'Harley Quinn' Episode 1 Review: A fantastic reintroduction to a character whose time has come to have her own show
Spoiler alert for Episode 1 of 'Harley Quinn'
There have been a lot of takes on Harley Quinn since her introduction in 1992. Some of them good, some bad, some empowering, and some extremely problematic. Even the romance between the Joker and Harley Quinn is the very definition of a toxic relationship (literally, if you include a certain vat of Ace Chemicals).
The pilot episode of 'Harley Quinn' encapsulates all of those takes, tackling her problematic history head-on.
It does this in a way that somehow balances humor, sensitivity, empowerment and disgustingly graphic violence that includes a close-up of Harley biting a guard's ear off in the middle of a discussion about her relationship problems.
It's that kind of show. And as much as people seem to enjoy the gritty darkness of the Batman mythos, the fact remains that Gotham is an absurd place, filled with ridiculous characters. 'Harley Quinn' celebrates that — the joy in pointing out the patently absurd that comes through in every line.
A few things you should be prepared for — the swearing and the violence come on strong in this episode.
No punches are pulled, and whether its legs snapping, ears getting bitten off, digested families being vomited by carnivorous plants or exploding telegram deliverymen, get used to seeing bright red on much more than just Harley's costume.
The swearing, though it takes a moment or two to get used to, flows naturally out of the characters' mouths after a while. They're villains, after all, why wouldn't they swear?
At its most basic, the pilot does everything a pilot should — it establishes who Harley Quinn (Kaley Cuoco) is, why she changes, and what her goals are moving forward.We see Harley Quinn first — as many fans know her best — in her classic costume, the Joker’s mistreated underling/girlfriend.
She adores the Joker (Alan Tudyk) to the point of delusion, and it takes a year locked up in Arkham, abandoned by the Joker, combined with an elaborate supervillain plot where she's abandoned by the Joker yet again for Harley to finally realize the Joker's no good for her.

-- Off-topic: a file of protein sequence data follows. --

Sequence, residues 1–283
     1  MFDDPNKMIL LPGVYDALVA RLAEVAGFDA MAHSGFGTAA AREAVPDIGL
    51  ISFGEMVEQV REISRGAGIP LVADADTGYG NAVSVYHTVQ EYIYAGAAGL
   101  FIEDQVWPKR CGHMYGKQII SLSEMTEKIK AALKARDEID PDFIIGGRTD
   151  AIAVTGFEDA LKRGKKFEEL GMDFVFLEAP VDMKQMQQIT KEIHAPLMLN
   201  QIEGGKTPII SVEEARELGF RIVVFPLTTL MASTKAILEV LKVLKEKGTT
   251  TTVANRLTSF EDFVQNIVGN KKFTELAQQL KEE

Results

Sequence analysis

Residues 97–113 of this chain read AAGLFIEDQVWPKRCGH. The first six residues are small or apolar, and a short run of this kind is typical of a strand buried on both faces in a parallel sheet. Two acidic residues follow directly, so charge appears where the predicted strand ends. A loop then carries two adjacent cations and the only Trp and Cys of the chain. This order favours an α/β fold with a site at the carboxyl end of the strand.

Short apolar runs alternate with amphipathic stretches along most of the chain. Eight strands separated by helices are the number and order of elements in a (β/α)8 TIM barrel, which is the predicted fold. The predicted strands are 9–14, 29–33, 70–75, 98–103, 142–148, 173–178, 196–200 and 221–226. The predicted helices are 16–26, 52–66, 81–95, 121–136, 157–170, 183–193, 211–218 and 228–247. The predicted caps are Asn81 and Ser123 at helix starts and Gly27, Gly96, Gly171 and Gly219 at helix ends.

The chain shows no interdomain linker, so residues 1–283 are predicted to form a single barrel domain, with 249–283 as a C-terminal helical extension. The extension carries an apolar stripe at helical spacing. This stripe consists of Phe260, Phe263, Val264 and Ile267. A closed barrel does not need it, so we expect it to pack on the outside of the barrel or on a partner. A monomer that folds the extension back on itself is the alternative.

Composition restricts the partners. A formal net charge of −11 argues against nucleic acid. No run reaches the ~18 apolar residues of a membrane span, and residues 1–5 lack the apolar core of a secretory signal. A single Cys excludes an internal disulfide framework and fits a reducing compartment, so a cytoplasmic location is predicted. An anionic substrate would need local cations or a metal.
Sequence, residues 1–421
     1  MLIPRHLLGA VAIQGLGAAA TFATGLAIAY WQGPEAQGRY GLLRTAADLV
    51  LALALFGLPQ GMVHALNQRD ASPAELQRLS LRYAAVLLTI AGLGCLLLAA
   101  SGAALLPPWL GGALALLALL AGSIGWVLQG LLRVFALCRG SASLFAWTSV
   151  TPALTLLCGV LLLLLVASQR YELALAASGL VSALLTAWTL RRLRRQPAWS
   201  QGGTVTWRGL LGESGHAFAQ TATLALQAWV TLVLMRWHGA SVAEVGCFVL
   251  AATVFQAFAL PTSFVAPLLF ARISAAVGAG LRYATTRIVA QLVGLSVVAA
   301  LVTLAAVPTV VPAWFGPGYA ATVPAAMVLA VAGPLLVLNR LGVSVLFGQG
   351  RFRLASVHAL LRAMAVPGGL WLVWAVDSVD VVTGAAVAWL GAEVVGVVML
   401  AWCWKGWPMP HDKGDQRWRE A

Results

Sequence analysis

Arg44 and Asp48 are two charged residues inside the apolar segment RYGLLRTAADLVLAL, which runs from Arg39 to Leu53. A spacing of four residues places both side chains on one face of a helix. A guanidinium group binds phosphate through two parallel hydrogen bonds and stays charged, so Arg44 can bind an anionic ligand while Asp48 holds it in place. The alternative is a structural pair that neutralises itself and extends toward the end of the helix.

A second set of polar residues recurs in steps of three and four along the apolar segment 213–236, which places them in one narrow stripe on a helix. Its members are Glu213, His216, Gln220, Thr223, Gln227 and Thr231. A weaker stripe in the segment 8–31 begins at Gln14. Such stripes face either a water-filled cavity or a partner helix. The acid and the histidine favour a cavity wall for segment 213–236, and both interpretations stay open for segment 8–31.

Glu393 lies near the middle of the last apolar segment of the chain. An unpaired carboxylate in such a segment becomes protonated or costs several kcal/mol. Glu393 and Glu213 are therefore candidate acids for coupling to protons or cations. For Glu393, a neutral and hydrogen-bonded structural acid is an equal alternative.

Breaking out of her situation in every sense of the word, Harley dons a new costume, a new attitude, and breaks up with the Joker by tearing down his lair.
Kaley Cuoco steps into the role of Harley Quinn quite comfortable. Diehard Arleen Sorkin fans won’t be disappointed but combined with the shows strong writing, we get to see more nuance from the character.
We see Harley's inner psychiatrist contrasted with her self-delusion, her rage alongside her boundless optimism. Alan Tudyk's Joker is a delight — he leans into full super-villainy, shameless in his misogynist, jealous, selfish ways.
The breakout character is Poison Ivy (Lake Bell), whose dry, hopeless look at the world still holds much love, and support for Harley Quinn. Harley and Ivy play well off of each other, Harley's wackiness complementing Ivy's more grounded (no pun intended) perspective.
Harley's new look demands a mention as well. It is one of the rare cases where a more revealing costume for a female character is the more empowering one. It's the costume designed by Jim Palmiotti that represented Harley Quinn becoming a more empowered character in the current comics continuity.
It's the more practical costume that she chose for herself, and represents how far the character has come from the woman previously known as the Joker's girlfriend.
The show is packed with appearances, easter eggs, side jokes and gags that are deserving of a separate article in its own right, but on the whole, 'Harley Quinn' could not have asked for a better first episode.
It's a must-watch for everyone who's loved the character and everyone else who wants to discover the character as well as for anyone who enjoys brilliant writing in animated comedies. That's a wide target audience and the show deserves it. The next episode of 'Harley Quinn' airs on December 6 on the DC Universe.